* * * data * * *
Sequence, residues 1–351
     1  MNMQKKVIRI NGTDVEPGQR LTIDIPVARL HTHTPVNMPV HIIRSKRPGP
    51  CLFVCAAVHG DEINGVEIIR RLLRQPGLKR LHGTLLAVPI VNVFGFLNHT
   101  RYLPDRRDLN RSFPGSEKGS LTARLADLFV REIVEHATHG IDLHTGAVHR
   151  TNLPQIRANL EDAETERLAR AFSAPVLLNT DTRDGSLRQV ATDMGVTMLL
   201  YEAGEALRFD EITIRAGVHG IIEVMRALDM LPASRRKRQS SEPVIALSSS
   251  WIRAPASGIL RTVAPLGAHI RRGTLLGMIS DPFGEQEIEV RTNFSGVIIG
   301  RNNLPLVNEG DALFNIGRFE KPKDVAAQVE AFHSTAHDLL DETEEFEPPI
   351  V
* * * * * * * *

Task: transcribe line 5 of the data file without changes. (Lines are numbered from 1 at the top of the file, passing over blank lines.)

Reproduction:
   151  TNLPQIRANL EDAETERLAR AFSAPVLLNT DTRDGSLRQV ATDMGVTMLL